Harry Westergard

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Harry Westergard with his wife Ruth
A photo of Butler Rugard, Norm Milne and Harry in front of Harry's house. All three were Thunderbolts members, and the photo comes from the scrapbook of Norm Milne. Photo courtesy of Jeff Faeber.
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Norm Milne's 1938 Ford convertible sedan of Sacramento, California. About 1940 Norm drove the Ford to Los Angeles to have Carson Top Shop chop the top and make a padded top. The rest of the car was restyled by Harry Westergard.
George Barris' 1936 Ford Coupe of Roseville, California. This was George's first real custom. He bought the car from money he had earned while doing some odd jobs for Harry Westergard at Brown's Body Shop. George worked at the car between the staggering amount of school work, and working with Westergard. The build was completed in 1941.
Mel Falconer's 1939 Ford, of Sacramento, California was restyled by Harry Westergard and completed in 1945.
Harold Ohanesian's 1940 Mercury Convertible Sedan was restyled by Harry Westergard and Less Crane sometime between 1945 and 1949.

Harry William Westergard (Jan. 9, 1916 - Apr.29, 1956) of Sacramento, California is a pioneer in the world of custom cars. Harry was born on January 9, 1916 in Detroit, Michigan to Adolf William Westergard and Johnsina Emelle Nielsen. Both of Harry's parents were immigrants from Denmark.[1] In the late twenties or early thirties Harry moved from Michigan to Sacramento.

Jack Stack's Flying A Gas Station

Harry started building cars in the late 1930's. He did not have a shop, so he did all of his work in his garage at home on Fulton Avenue. Harry used to hang out at Jack Stack's Flying A gas station at the corner of 18th and L streets, near the State Capitol Building. He ran a stripped down and modified 1929 or 1930 Ford Model A roadster[2] that he thought was pretty fast, but so did some other young guys, like Norm Milne and Dick Bertolucci. Street racing was all these young bucks could do, as there were no facilities for organized competitions. They raced after dark, usually just a block or two ahead of the local police.

George Barris

Around 1940 - 1941 Harry worked at Brown's Body Shop in Roseville. At the time, a little kid name George Barris began to hang out at the shop, watching the workers repair cars. While hanging out at Brown's Body Shop, George found a mentor and information resource in Harry. George began helping Harry whenever time would permit. George carefully followed the instructions of his new friend who eventually taught him such necessary formalities as layout and paneling. Doing these odd jobs at Westergard's shop brought in a little extra money. With the money George bought a 1936 Ford Coupe, the first car in which he had sole interest.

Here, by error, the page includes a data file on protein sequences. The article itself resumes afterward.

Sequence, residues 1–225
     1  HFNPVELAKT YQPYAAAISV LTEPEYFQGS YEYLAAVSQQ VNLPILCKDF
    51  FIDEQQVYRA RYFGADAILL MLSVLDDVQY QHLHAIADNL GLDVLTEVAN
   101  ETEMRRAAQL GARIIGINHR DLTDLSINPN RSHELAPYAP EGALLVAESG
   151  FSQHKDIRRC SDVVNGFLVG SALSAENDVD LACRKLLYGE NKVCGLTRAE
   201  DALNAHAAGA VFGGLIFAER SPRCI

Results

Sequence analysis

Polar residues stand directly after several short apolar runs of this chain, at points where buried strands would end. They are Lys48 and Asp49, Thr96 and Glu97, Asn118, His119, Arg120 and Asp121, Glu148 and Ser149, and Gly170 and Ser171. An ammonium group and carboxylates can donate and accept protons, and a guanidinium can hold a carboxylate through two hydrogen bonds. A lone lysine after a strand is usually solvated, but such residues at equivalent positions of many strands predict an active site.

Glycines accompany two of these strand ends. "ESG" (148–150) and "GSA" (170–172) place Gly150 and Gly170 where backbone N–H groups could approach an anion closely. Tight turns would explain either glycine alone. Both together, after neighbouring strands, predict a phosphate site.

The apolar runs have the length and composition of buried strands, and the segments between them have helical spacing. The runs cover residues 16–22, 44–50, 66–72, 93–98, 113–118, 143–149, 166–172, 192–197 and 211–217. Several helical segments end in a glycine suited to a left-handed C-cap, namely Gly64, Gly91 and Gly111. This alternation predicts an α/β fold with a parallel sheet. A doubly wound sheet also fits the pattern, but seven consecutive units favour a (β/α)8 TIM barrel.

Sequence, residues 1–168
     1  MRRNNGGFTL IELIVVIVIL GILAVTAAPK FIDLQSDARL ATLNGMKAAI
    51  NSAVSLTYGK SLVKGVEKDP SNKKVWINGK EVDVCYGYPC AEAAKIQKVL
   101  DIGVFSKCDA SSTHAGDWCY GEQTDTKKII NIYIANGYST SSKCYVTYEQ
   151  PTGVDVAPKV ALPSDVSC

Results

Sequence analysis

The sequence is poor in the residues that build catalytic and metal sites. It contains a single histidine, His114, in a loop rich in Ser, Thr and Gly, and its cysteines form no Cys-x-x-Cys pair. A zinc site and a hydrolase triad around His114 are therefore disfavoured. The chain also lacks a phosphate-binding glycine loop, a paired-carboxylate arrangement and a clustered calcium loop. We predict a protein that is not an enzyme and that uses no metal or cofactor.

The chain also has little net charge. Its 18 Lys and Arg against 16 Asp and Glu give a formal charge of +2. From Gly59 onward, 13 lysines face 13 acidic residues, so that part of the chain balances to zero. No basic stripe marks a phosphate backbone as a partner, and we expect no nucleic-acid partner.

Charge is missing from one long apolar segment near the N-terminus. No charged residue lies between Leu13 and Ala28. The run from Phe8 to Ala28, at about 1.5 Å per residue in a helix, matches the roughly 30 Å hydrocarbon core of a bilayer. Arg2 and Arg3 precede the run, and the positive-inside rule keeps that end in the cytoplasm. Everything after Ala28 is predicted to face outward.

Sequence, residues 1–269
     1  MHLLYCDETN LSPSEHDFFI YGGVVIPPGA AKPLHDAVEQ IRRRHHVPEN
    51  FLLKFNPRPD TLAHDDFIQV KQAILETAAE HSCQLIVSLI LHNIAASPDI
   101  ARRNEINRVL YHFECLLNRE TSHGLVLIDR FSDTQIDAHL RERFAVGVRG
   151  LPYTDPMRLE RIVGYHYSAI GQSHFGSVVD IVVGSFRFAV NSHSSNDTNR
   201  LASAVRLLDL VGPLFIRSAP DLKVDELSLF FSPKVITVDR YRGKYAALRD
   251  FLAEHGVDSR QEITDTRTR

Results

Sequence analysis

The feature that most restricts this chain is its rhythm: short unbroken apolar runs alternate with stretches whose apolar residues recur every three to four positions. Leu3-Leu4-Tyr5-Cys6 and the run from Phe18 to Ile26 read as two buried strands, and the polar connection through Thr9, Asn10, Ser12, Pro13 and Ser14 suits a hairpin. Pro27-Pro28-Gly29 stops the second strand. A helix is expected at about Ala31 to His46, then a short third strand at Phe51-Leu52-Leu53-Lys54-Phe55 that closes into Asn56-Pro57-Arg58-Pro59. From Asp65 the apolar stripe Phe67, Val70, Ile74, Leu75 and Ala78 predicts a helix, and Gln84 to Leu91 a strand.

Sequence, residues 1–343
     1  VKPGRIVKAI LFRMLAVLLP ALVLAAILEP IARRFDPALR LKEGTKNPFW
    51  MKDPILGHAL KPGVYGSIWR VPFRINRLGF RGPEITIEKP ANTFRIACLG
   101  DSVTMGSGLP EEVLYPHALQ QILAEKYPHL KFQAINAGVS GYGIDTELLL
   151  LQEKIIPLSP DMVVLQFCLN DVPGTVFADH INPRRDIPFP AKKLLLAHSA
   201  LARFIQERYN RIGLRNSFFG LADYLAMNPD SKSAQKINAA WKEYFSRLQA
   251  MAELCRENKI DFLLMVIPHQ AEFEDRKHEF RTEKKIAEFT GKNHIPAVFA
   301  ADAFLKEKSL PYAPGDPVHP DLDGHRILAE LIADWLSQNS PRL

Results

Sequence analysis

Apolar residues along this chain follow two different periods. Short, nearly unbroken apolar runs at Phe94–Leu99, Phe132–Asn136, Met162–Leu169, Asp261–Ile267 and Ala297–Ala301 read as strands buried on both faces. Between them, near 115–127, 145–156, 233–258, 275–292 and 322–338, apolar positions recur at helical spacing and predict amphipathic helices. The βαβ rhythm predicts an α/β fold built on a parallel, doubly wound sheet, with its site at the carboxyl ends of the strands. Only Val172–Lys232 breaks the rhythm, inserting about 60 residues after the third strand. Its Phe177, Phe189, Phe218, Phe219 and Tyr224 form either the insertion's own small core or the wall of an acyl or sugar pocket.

Capitol Auto Club

The war interrupted the nights at Jack's Flying A station, and all was quiet until the summer of 1945. In 1945 Norm decided to form a club in order to legitimize their activities and to try to get rid of the outlaw stigma. The first meeting of the newly formed club, the Capitol Auto Club, was held in Westergard's chicken coup shop on Fulton Avenue in September 1945. The club went on to be the Thunderbolts Car Club.

US Navy

Harry served in the US Navy from 1945-1946.[1]

The Crash

In 1955 Harry bought himself a brand new 1955 Ford Thunderbird. After loosing a street race against two cops in a brand new Buick, he decided to hop the car up, so he ordered an Iskendarian cam from Bertolucci's Body and Paint Shop. Harry loved to race, and one late Sunday night April 29, 1956 he raced along the River Road, heading back home to Sacramento from Walnut Grove. A guy pulled out in front of Harry, Harry was going at least 100 miles an hour when he tried to swerve to miss the car. He hit a three at full speed, and died in the crash. The car came off in two parts, split on the middle.

At the time he died, Harry had been divorced from his wife, and he was really broken up. He quit doing metalwork and started to work for a muffler shop instead. When Dick Bertolucci heard this he went straight over to Harry and told him that he was wasting his talent. Dick offered Harry twice as much as he was earning in the muffler shop if he would begin working for Dick instead. Harry accepted, and when he died he had been working for Dick Bertolucci at Bertolucci's Body and Paint Shop for 6 months.

Harry was buried at the City Cemetery in Sacramento. Thousands of cars attended Harry's funeral. In an interview with Garage Magazine, Dick Bertolucci told that the day after Harry died, he called Iskendarian to cancel that cam order for Harry's Thunderbird.

Harry Westergard's Personal Cars

Harry Westergard's 1932 Ford Roadster
Harry Westergard's 1938 Chevrolet
Harry Westergard's 1950 Ford
Harry Westergard's 1955 Ford Thunderbird

Cars Restyled by Harry Westergard

Rico Squaglia's 1923 Ford Model T Roadster
Norm Milne's 1931 Ford Model A Roadster
Gene Garret's 1936 Ford
Jack Odbert's 1936 Ford Roadster
Vern Simon's 1936 Ford Roadster
Leroy Semas' 1937 Chevrolet Coupe
John Sal Cocciola's 1938 Chevrolet Convertible
Norm Milne's 1938 Ford Convertible Sedan
Mel Falconer's 1939 Ford
Harold Ohanesian's 1940 Mercury Convertible Sedan
Butler Rugard's 1940 Mercury
Al Lauer's 1941 Cadillac Convertible
Butler Rugard's 1947 Chevrolet
Jerry Fassett's 1947 Chevrolet



The American Custom Car
Video - Dick Bertolucci GNRS Hall of Fame Luncheon
Garage Magazine Number Five
Lowrider Magazine March 1980


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